War veterans were the first customers at two dispensary locations.
Massachusetts residents queued for up to two hours today to buy cannabis on the first day of state legal sales. So far, local marijuana customers have two options; New England Treatment Access in Northampton and Cultivate in Leicester. At both locations, war veterans were the first historic customers to receive their cannabis.
Long waits on the curb echoed Massachusetts’ unexpectedly long process in opening the doors of the state’s retail locations a full two years after voters approved Question 4, which legalized cannabis for users of 21 years or older. Recreational sales had been projected to begin on July 1, but hit a series of roadblocks including a lack of testing labs and a desire to ensure proper supply. The state’s Cannabis Control Commission has now issued 20 provisional licenses, and was set to vote on two final retail licenses on Tuesday, so more cannabis shops should be opening within the next months.
Cannabis activist Stephen Mandile was the first to queue at the cash register of Cultivate, which received the state’s first retail permit this summer. Mandible, an Iraq War veteran from Uxbridge, Massachusetts, has been vocal in the struggle to ensure easy access to marijuana in his state. He uses the plant to deal with the symptoms of PTSD, chronic pain, and a traumatic brain injury.
A veteran was also first in line at NETA, where Northampton mayor and ex-Air Force recruit David Narkewicz snagged a $24, 54.81 milligram infused chocolate bar. “This is not your grandmother’s marijuana,” he commented to a reporter from Yahoo Finance. He didn’t take a bite right away, and was by some accounts having trouble hanging onto his purchase. Reports say Narkewicz was being urged to donate his history-making candy bar to the Northampton Historical Society.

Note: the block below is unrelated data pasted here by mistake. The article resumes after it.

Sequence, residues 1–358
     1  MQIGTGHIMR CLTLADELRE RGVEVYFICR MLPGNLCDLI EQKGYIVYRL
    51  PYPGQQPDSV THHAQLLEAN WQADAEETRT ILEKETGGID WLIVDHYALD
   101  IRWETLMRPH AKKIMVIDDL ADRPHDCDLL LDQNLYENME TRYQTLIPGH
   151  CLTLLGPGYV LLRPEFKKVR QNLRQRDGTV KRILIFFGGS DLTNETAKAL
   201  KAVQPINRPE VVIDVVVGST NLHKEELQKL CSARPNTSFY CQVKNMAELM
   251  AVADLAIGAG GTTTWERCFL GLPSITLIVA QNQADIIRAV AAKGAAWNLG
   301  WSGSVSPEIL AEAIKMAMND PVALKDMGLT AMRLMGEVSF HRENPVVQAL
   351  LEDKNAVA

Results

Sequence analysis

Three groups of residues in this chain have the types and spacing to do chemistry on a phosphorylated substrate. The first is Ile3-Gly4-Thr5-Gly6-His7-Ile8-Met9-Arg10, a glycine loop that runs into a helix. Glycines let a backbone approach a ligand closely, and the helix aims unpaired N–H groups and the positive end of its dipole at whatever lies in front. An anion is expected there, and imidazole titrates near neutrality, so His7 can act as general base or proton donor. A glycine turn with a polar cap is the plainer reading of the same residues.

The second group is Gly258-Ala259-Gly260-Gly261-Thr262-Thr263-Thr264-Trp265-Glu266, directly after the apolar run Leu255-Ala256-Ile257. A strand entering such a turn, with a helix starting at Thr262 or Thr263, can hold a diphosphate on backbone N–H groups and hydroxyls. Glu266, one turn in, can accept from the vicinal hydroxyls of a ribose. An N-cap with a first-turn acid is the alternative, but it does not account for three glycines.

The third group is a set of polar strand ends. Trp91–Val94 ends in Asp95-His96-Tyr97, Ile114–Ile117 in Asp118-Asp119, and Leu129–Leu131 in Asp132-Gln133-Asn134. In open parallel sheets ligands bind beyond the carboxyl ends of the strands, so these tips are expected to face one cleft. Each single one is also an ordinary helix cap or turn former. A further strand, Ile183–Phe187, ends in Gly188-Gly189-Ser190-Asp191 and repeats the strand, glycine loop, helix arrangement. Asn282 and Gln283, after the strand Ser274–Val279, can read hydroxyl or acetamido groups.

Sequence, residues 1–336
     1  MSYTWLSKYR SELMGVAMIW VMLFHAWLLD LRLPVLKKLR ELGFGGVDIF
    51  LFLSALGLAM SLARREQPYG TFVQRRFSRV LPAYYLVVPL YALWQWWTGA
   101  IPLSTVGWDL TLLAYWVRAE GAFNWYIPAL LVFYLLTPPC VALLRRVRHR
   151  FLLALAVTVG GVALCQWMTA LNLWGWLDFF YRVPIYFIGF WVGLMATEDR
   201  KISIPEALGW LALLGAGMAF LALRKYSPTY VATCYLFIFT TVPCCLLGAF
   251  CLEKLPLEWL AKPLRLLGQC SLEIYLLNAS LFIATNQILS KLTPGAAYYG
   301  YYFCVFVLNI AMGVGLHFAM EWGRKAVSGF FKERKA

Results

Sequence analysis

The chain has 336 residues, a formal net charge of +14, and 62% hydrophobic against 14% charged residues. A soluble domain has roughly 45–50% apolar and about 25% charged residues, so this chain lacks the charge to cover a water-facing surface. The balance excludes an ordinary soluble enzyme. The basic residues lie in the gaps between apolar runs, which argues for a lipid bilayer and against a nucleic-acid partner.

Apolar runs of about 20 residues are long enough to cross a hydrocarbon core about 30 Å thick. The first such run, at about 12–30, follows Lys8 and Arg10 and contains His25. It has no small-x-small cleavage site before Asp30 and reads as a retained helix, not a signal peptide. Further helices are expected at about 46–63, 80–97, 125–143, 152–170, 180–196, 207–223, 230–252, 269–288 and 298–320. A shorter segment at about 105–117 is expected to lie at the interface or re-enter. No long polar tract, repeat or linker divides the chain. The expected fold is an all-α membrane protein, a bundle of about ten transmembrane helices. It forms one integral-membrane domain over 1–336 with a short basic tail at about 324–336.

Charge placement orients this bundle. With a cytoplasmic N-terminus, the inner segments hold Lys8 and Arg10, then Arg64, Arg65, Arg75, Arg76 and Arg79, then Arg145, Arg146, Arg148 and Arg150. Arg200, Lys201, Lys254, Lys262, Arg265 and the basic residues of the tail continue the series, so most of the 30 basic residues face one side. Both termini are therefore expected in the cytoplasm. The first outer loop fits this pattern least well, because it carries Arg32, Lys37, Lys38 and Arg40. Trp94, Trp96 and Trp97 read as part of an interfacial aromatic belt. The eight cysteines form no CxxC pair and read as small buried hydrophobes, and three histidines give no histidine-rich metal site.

“I don’t have work ’till the evening, so I was like, ‘Let’s stand in history, man,’” one Cultivate customer told WBUR 90.9 FM. She wasn’t alone — many had donned puffy coats and beanies to be shuttled from a parking lot that had been set up a mile away from the store to accommodate the expected crowd. Leicester police had put first day Cultivate customer estimates at 600 to 1,000 people — a considerable logistical issue for a 40-person capacity dispensary.
Such was concern over traffic that the two stores that opened on Tuesday were forced to wait three days after receiving their final regulatory clearance in order to best organize crowd logistics. Finally in front of Cultivate, customers were subject to a multi-hour wait on the sidewalk in between November snow banks. There wasn’t much to see from their vantage point; Massachusetts dispensaries are not allowed to have neon lights or names and logos that reference marijuana.
Long waits are becoming standard for state roll-outs of recreational marijuana sales. To alleviate the inconvenience of cannabis delay, NETA’s website says it will be providing chairs, umbrellas, and refreshments to customers. Of course, some customers were well-prepared for the wait.
The maximum amount of cannabis available for purchase by a single customer in Massachusetts is five grams of concentrate or one ounce of flower, for which Cultivate was charging $225. Edibles are allowed to contain no more than five milligrams of THC per serving, and include no more than 20 servings per packaged item. Many stores will have separate retail floors for recreational and medical customers. State law requires that stores reserve 35 percent of their stock for medical patients, who have priority in these initial days of limited supply.